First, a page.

I’ve no doubt that the doctors at the hospital saved my life or – at the very least – my leg.  But when I look back at it decades later, I see some extraordinary things about my treatment, which concern me.

First, on the day I was admitted, I was flitting in and out of consciousness. When I was conscious, I was scared. My mother had to go back to work and my dad was at work too, so I was completely alone in an entirely unfamiliar environment. I expect this is not uncommon, but the staff didn’t seem to notice. They didn’t tell me what would happen to me. They didn’t tell me the rules. How was I supposed to go to the toilet when I couldn’t get out of bed? Well, you ask the nurses, of course, but nobody told me I could.  They seemed to be doing really important things and I felt that I should just know this stuff and was stupid for not knowing it. I guess the nurses and doctors assumed the same sort of thing. So this is the first concern: there was no orientation. Nobody told me that if I needed something I should just ask.  Humiliatingly, when I was finally desperate enough I did tell a nurse that I needed the toilet and she brought me a bottle. I didn’t know that what I really needed to ask for was a bedpan. You can speculate how that worked out.  But I just didn’t know any better. I was alone and scared and didn’t know how these things worked. It seemed stupid to me, but I’d been to school so was used to nonsensical rules.

Then the doctors treated me. They certainly saved my life and I have no complaints about that.  But they never told me what they actually did to me. They seemed to assume I didn’t need to know because I was a child. Decades later I asked my parents what the doctors told them about my treatment but they couldn’t remember.

They told me nothing at all. I  was instructed to not eat or drink anything (but not why) and then had an operation. I still have no idea what that operation was. I expect that it removed some necrotic tissue and possibly marrow. But nobody ever told me what was going to – or had been – done to me.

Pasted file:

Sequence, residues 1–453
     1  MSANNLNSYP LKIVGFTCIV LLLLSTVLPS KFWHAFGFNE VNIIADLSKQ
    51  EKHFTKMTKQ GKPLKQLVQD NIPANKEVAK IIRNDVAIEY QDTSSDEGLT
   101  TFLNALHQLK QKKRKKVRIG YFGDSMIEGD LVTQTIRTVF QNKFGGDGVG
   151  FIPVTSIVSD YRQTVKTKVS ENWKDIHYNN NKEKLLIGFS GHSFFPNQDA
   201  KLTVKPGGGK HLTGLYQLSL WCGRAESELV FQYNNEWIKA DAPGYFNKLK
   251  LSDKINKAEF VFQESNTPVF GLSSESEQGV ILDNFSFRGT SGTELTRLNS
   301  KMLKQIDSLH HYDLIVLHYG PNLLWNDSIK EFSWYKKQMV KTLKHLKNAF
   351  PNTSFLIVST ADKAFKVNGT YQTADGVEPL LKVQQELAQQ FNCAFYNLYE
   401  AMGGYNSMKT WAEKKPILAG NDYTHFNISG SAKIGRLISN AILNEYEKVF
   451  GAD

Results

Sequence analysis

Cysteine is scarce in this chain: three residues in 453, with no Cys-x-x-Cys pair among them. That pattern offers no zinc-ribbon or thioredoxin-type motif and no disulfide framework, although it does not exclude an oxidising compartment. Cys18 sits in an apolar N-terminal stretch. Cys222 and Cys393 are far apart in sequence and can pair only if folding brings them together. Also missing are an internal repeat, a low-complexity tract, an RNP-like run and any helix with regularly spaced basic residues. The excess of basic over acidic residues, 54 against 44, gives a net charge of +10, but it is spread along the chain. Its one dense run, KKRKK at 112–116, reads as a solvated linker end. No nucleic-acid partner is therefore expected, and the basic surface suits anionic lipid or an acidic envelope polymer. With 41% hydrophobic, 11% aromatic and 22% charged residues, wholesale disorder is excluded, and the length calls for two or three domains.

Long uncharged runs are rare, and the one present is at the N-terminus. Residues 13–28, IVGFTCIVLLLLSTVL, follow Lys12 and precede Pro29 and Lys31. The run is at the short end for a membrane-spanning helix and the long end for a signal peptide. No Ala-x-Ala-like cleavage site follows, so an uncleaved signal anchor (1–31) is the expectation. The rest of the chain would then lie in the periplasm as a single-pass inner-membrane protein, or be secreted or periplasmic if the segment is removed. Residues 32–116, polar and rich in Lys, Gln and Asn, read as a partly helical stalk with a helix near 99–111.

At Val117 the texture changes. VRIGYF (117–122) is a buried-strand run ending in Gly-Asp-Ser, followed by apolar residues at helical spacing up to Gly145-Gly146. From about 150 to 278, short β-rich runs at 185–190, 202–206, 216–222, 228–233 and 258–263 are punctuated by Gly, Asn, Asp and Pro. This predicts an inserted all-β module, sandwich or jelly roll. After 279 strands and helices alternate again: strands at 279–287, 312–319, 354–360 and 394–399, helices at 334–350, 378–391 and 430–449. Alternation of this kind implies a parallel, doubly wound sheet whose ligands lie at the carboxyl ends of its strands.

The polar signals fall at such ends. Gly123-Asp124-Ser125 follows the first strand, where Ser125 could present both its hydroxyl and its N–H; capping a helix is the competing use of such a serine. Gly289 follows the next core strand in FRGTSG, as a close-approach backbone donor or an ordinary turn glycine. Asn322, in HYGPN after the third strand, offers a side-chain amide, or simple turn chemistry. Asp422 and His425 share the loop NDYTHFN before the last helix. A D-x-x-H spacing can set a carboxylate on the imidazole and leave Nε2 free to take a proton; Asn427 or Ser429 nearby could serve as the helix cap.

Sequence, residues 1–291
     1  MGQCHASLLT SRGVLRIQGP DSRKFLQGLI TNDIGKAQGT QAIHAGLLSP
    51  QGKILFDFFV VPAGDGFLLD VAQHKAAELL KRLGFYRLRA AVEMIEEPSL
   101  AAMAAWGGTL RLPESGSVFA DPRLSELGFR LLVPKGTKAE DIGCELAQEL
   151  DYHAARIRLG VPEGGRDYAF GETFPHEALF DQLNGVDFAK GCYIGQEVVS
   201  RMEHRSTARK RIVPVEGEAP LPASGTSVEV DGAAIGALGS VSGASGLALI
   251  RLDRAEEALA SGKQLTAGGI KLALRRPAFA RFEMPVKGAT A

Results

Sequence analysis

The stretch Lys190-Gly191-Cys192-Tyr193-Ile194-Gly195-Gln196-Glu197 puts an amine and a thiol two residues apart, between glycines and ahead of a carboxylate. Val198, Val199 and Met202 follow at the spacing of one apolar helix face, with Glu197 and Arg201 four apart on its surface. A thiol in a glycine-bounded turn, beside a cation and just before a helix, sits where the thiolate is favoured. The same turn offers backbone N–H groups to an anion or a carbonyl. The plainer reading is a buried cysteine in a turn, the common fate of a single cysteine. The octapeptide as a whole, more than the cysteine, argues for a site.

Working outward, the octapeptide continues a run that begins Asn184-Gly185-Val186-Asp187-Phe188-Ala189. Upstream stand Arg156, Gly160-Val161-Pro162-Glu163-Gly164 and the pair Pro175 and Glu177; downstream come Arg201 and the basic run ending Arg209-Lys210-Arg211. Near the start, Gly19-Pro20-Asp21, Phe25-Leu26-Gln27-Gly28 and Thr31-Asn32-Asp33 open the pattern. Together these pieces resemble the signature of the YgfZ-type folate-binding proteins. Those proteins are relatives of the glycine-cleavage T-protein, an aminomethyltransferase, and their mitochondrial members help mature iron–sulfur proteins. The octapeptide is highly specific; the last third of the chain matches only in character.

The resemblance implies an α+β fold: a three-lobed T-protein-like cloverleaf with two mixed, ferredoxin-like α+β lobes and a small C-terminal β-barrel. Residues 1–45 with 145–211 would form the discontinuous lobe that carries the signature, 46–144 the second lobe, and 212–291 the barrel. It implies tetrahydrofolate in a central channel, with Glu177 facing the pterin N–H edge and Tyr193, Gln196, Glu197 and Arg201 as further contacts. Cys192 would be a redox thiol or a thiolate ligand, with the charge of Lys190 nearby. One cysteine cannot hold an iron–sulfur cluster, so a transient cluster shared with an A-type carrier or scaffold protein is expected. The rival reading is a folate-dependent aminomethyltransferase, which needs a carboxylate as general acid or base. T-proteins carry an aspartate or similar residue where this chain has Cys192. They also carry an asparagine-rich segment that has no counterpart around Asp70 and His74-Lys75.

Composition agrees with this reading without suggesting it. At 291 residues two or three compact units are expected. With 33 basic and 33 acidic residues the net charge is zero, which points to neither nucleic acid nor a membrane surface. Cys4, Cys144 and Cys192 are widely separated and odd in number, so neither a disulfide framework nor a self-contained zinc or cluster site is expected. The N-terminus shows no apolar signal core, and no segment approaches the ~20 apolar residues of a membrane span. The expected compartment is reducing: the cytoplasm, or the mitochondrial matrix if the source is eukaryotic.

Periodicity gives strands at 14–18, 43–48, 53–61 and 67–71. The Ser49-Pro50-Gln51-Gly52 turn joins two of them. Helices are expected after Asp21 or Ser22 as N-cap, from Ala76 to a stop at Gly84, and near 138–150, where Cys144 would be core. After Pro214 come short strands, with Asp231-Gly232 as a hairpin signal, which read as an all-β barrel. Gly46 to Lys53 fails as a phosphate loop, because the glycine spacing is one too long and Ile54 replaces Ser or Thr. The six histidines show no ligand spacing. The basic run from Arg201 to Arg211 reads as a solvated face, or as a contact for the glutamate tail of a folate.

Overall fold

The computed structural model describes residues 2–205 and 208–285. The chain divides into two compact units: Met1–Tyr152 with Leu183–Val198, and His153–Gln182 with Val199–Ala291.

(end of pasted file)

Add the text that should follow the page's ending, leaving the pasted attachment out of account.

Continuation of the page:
These days, that strikes me as odd. I hope things are better now, I hope doctors and nurses orient children better when they get to the hospital and explain to them what they’re going to do to them and why.  Perhaps they assumed my parents would do that, but they didn’t. I don’t feel fear very often, but I felt it then.

I hope kids today aren’t as scared as I was.  Do you want to know what scared me most? I’ll tell you.

After my operation, my leg was in plaster. After a few days a doctor came to tell me that he intended to put a window in my leg. HE WANTED TO PUT A WINDOW IN MY LEG. IN MY FUCKING LEG. I thought that he wanted to put a piece of glass in my leg so he could look inside. I did not want that. But I didn’t know I could object or even ask about it.

It turned out that he just wanted to cut a section out of the plaster on my leg so he could look at how much my flesh was rotting. Which was a relief at the time, but doesn’t seem like that now I come to talk about it.

But anyway, I hope that these days kids get treated like himans when they go to hospital. I didn’t feel cared for, I felt scared and helpless, at the most vulnerable time ot my life.

Thursday, October 03, 2013

Wednesday, October 02, 2013

First fossil

When I was about 7 I found a perfect Ammonite fossil, about 3 inches across. I found it half buried in some mud in a river bank.Due to some malfeasance on behalf of an ex-girlfriend I don’t have it today (she borrowed it to put in her fish tank and never gave it back) but it was one of the things that inspired me to choose a career in science.

I often wonder about that fossil.  The only explanation for it’s location is that someone dropped it there. But this was not a place likely to be visited by many people. It was where I went to be alone, very much in the middle of nowhere, 20 minutes walk from any building across fields and rough ground. The chances of my sitting in that exact spot and putting my hand on a piece of stone and deciding to dig it out are surely astronomical. And yet there it was.